Later Bonita Pebam of the All Manipur Nupi Manbi Association (AMANA) summarised that it has been five years since the Transgender Welfare Board was set up in 2016, and further after the board was reconstituted in 2019 only two meetings have been held. She said existing schemes, like in education, health and legal have been reconstituted and at least the law agencies have been sensitive. If the other departments also take the lead and come and take up issues with the transgender it would be very welcome, she said. A health, legal, educational and livelihood survey was carried out also but not many transgender came out due to harassment and bullying. She said trans children are forced to keep their hair short, and complained that at least they can be allowed to keep long hair even though they might have to wear male uniform. “The sense of belonging and self-confidence, which is vital for competing, comes down if students are not allowed to keep their personal get up,” she said. Under the MGNREGA also the transgender were designated as male employees in the documents, she said while informing that many transgender weavers left to work in Nagaland as they did not know where to apply for the government schemes. There are many avenues apart from beauty parlours but they would be getting the benefit of the programmes and jobs only if the social welfare department gives the go ahead to various schemes, she said.
The representative from the Manipur State AIDS Control Society (MSACS), Joint Director Abhiram Mongjam, mentioned that the MSACS has started its program in places like Kangpokpi and in the hills mapping can be done if transgender activists offer help. The National AIDS Control Society (NACO) program is also available up till now to only transwomen and not transmen, he mentioned. Abhiram Mongjam further informed that a transgender health desk will be set up at JNIMS Hospital to take up related issues of health and livelihood. He also said that transwomen and transmen are included in the societal roots of Manipur and can’t be ignored in the society.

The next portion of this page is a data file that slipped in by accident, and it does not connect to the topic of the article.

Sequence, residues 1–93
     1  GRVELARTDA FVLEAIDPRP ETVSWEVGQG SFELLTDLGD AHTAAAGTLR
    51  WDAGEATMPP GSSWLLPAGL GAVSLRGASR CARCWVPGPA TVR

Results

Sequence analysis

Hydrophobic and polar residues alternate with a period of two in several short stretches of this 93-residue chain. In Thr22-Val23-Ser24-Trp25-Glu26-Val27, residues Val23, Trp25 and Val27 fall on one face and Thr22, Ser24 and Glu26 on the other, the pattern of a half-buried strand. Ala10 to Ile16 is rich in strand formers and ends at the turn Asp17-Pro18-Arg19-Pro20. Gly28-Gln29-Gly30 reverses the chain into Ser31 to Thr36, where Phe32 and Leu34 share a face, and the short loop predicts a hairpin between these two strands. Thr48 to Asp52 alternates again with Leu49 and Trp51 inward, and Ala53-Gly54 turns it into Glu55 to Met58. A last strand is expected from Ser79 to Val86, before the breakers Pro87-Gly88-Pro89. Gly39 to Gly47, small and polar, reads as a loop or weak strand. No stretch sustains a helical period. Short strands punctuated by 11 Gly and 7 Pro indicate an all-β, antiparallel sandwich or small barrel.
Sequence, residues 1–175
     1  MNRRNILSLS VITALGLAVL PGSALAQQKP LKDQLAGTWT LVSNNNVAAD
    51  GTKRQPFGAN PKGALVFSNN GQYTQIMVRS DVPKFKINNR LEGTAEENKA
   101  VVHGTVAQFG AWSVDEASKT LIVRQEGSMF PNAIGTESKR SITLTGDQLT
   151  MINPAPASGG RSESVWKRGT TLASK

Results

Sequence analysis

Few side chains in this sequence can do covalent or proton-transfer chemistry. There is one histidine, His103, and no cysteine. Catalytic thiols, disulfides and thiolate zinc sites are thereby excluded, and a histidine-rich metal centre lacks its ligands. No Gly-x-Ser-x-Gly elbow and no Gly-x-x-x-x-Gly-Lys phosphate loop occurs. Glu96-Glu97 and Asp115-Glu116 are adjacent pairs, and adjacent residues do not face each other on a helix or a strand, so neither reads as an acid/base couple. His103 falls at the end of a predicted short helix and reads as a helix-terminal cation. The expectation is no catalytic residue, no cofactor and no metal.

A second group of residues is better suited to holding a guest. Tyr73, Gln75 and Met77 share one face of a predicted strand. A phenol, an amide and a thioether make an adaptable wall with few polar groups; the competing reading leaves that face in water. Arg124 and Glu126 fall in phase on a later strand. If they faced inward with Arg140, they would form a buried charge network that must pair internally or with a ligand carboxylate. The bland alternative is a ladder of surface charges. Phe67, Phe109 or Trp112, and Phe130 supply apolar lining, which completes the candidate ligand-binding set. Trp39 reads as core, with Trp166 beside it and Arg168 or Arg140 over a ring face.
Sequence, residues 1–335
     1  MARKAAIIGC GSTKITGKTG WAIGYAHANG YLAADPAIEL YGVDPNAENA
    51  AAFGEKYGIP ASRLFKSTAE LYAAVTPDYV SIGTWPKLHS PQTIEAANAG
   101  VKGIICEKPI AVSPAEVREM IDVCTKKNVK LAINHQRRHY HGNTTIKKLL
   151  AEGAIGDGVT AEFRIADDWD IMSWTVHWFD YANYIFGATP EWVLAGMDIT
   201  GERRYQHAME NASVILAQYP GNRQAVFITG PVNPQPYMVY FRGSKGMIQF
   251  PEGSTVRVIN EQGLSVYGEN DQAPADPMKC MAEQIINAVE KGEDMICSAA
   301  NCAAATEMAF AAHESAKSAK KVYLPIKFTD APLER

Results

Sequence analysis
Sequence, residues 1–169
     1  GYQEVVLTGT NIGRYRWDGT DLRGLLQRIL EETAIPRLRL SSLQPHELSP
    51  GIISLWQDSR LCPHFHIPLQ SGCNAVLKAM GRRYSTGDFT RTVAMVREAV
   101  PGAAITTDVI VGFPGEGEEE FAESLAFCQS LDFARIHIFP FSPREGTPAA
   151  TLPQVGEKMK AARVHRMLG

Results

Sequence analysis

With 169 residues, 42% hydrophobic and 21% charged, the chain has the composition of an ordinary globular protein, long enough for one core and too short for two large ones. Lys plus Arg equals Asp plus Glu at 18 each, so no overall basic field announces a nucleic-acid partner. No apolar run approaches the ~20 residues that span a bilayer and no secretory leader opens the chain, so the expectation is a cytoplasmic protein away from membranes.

The Assistant Director of the Directorate of Education (S), Leishangthem Kamala, mentioned that awareness has not been disseminated at schools due to the pandemic lockdown but the matter of self-identity and social marginalisation of transgender is expected to be included in the curriculum when it is changed in 2022-23 in accordance to the new Education Act 2020.
Among others who addressed the workshop was Santa Khurai, Secretary of the All Manipur Nupi Manbi Association (AMANA), who explained the objectives of the workshop and also gave a background to the various major milestones in relation to transgender rights in Manipur. President of the co-sponsors ETA, a transmen group, Hemabati was the other speaker at the workshop.
The transgender rights movement is still not in proper focus, whether it be in the Indian cities or places far from the centre stage, like Manipur. While the government does seem to be moving in the right direction, most of its efforts seem to involve only examining paperwork, with actual help to the transgender still not forthcoming. Though the laws are agreeably new, the issue is historical and an urgent cause, considering that even the Constitution has been unequal in its treatment to transgender till only some time back. The changing global perspective calls for acceptance and recognition to the sensitivity of the transgender character in India, and Manipur in this case. And as one of the third gender voices put it rightly in the film clippings, the sense of human fellowship has to be upheld in the full-fledged inclusion of the transgender in all dimensions of society and citizenry in the country, and here in Manipur too, as far as the state level workshop was meant to get the Transgender Act and Rules implemented in earnest.